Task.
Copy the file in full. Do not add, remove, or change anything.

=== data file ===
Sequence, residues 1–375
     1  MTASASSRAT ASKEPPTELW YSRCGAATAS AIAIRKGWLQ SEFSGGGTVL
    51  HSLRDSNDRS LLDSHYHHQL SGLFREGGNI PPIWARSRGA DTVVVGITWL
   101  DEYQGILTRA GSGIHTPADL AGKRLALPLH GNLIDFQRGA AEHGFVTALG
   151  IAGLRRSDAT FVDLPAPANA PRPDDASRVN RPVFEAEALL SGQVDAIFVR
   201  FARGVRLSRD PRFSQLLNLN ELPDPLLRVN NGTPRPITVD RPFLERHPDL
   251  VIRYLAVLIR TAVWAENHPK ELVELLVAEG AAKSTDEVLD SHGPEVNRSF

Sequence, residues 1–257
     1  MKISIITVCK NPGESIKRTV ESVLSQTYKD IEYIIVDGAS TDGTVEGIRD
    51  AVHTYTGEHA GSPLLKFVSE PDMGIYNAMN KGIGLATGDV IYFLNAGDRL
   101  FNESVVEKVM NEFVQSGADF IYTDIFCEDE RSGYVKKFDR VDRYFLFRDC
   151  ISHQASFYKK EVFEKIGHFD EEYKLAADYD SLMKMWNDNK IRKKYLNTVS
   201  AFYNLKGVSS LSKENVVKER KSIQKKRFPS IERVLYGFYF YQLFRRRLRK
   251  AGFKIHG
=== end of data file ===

Sequence, residues 1–375
     1  MTASASSRAT ASKEPPTELW YSRCGAATAS AIAIRKGWLQ SEFSGGGTVL
    51  HSLRDSNDRS LLDSHYHHQL SGLFREGGNI PPIWARSRGA DTVVVGITWL
   101  DEYQGILTRA GSGIHTPADL AGKRLALPLH GNLIDFQRGA AEHGFVTALG
   151  IAGLRRSDAT FVDLPAPANA PRPDDASRVN RPVFEAEALL SGQVDAIFVR
   201  FARGVRLSRD PRFSQLLNLN ELPDPLLRVN NGTPRPITVD RPFLERHPDL
   251  VIRYLAVLIR TAVWAENHPK ELVELLVAEG AAKSTDEVLD SHGPEVNRSF

Sequence, residues 1–257
     1  MKISIITVCK NPGESIKRTV ESVLSQTYKD IEYIIVDGAS TDGTVEGIRD
    51  AVHTYTGEHA GSPLLKFVSE PDMGIYNAMN KGIGLATGDV IYFLNAGDRL
   101  FNESVVEKVM NEFVQSGADF IYTDIFCEDE RSGYVKKFDR VDRYFLFRDC
   151  ISHQASFYKK EVFEKIGHFD EEYKLAADYD SLMKMWNDNK IRKKYLNTVS
   201  AFYNLKGVSS LSKENVVKER KSIQKKRFPS IERVLYGFYF YQLFRRRLRK
   251  AGFKIHG